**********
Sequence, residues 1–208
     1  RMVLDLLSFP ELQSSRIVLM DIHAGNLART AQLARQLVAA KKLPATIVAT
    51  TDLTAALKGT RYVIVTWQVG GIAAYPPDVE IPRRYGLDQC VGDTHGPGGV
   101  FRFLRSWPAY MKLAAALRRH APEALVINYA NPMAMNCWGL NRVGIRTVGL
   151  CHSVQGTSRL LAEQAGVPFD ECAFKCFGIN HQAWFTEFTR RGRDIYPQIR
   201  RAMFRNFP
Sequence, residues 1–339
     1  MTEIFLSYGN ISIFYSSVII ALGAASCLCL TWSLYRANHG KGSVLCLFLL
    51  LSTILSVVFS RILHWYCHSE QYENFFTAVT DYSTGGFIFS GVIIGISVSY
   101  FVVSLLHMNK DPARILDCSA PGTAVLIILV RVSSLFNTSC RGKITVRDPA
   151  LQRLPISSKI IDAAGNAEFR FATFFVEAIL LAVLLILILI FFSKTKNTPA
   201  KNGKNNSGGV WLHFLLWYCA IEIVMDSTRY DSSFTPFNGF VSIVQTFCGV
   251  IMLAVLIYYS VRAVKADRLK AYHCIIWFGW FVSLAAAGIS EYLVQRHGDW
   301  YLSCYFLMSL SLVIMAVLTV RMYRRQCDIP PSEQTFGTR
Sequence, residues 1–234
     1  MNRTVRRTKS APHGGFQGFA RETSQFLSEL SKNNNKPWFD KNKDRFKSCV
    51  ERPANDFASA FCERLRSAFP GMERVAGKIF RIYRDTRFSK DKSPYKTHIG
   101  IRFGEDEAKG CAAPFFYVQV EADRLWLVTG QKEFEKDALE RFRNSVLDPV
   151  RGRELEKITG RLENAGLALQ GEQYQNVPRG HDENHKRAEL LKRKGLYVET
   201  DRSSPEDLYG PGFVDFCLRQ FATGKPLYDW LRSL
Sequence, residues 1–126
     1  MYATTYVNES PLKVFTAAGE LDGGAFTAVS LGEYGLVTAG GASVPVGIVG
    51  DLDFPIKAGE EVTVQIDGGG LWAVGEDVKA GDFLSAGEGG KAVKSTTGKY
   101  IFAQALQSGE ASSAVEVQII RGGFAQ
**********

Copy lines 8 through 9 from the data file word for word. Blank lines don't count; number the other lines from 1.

     1  MTEIFLSYGN ISIFYSSVII ALGAASCLCL TWSLYRANHG KGSVLCLFLL
    51  LSTILSVVFS RILHWYCHSE QYENFFTAVT DYSTGGFIFS GVIIGISVSY